As the various states accepted administration and maintenance of the National Road, they started to collect toll. The state of Pennsylvania built six tollhouses about fifteen miles apart. There, a horse and rider paid four cents toll; every score of light-footed sheep, six cents, a score of cattle with sharp hooves that cut holes in the road, twelve cents; a stagecoach with two horses, twelve cents; any vehicle with four horses, eighteen cents. In Ohio, tollhouses stood about ten miles apart, and rates were slightly higher. Free travel was often permitted for going to or returning from public worship, funerals, military muster mills, voting places, and business

establishments. Artistic signboards invited travelers to wayside taverns. The driver's horn would bring the tavern host to his door. He knew that the approaching stagecoach would stop to water the horses and allow the gentlemen time for brandy and to patronize his dining room. At night, there were beds for the passengers. Trains reached Cumberland from Baltimore in 1842. As the rails were laid farther west, passengers preferred to ride behind locomotives rather than slow horses. The National Road was nearly abandoned until the advent of the automobile.

The total length of the National Road was 600 miles. Stone mile-markers were used, and some still exist. Initially the road was called the Cumberland Road because it started in Cumberland, MD.

By 1825, it was referred to as the National Road because of its federal funding.

A National Road Timeline

1753 George Washington rides to order the French at

Fort Le Boeuf (Waterford, PA) to withdraw from the

British Territory.

1754 Washington is sent to Fort Duquesne (Pittsburgh) to expel the French. Retreats and builds Fort Necessity; surrenders to French.

1755 British General Braddock cuts a road for his

infantry and supply wagons en route to capture

Fort Duquesne. The Army was ambushed and Braddock was killed.

1802 Albert Gallatin, Secretary of the Treasury, proposes to exempt tax for lands sold by Congress and to use proceeds from sale of those public lands for construction of roads.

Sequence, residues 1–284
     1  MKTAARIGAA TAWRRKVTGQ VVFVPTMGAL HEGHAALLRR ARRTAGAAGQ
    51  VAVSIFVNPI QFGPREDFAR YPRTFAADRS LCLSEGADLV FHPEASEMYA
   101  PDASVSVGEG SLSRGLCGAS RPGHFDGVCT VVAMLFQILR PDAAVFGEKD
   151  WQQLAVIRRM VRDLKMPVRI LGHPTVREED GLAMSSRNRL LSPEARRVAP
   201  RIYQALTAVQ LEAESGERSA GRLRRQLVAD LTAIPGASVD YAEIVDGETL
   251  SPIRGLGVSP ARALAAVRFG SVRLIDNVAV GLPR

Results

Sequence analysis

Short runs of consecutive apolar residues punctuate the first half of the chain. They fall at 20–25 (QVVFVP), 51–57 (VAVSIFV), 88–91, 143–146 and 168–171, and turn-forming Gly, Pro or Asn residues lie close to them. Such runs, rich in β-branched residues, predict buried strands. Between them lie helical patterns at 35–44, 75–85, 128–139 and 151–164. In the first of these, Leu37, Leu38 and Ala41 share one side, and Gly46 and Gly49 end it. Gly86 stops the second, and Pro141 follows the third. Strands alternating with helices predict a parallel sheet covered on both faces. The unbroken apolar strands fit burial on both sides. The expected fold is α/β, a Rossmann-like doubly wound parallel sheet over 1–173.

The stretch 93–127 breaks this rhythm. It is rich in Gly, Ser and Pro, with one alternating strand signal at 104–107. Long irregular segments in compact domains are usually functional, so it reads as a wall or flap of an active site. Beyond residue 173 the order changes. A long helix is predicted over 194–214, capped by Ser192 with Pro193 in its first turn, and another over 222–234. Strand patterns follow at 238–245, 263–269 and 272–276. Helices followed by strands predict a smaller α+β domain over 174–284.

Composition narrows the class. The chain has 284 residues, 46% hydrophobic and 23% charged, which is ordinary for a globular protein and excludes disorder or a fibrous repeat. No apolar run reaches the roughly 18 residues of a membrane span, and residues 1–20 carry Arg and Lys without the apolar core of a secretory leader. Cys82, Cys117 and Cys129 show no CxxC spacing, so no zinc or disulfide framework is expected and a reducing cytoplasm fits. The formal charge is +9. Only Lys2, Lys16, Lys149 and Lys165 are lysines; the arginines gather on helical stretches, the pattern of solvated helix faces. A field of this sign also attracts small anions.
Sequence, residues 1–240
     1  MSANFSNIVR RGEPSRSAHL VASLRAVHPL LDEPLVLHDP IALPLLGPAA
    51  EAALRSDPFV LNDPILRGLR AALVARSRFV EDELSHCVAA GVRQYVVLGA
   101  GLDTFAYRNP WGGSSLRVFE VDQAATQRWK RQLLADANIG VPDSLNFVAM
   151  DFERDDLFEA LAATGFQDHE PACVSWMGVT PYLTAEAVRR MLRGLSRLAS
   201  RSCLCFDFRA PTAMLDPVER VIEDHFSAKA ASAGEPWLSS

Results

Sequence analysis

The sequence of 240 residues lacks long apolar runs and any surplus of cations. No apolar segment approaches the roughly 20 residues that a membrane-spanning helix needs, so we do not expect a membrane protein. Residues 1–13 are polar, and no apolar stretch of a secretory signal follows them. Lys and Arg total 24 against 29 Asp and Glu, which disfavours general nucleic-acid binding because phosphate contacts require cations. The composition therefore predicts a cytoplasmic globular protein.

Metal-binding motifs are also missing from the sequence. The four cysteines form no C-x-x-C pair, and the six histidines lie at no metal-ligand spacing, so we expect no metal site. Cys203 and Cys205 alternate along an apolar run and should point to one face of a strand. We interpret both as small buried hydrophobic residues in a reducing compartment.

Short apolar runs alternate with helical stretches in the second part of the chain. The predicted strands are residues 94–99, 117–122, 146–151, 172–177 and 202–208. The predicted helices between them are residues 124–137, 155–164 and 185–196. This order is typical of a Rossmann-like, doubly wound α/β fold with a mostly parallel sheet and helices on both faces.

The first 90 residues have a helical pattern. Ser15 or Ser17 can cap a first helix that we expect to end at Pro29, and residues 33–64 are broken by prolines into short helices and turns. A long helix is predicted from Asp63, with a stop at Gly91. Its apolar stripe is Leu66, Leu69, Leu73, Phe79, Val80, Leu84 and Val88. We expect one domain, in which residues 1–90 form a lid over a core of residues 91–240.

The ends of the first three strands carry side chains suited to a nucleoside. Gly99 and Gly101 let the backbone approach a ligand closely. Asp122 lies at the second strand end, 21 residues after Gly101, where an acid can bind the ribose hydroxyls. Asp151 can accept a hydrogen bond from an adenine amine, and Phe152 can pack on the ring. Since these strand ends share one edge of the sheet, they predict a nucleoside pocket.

1803 The enabling act for admission of Ohio to the

Union contains provisions for construction of a road linking East and West. 1805-06 Congress passes "An Act to Regulate the Laying Out and Making a Road from Cumberland, in the State of Maryland, to the State of Ohio."

1811 Contracts are signed for construction of the first ten miles west of Cumberland. 1818 The road reaches Wheeling. 1830s Congress begins to turn the road over to the states for administration and maintenance.

1833 The road enters Columbus.

1838 Congress makes its last appropriation for the road.

1839 Illinois opens an 89-mile clay-surfaced section

from Indiana to Vandalia, and then to the capital of Illinois.

1840-41 Federal work is suspended because of lack of congressional appropriations.

1850 Indiana completes its intrastate segment.

1926 The old National Road becomes part of U.S. 40.


Plan a journey on the National Trail--
 1.  Why are you and the rest of the group going West?
 2.  Group names and make-up (talents, ages, names)
 3.  Decide where your destination will be.  Usually Pioneers in the mid 19th Century would go beyond Illinois.  Find a map for the journey.
 4.  Decide how much money you have and go about purchasing a wagon(s), draft animals, medical, food, clothing, guns, ammo, spare parts for the upcoming trip.
 5.  Decide when you are going to start (month, year, season(s) you will travel through.


National Trail Resources

National Trail Learning Activity Page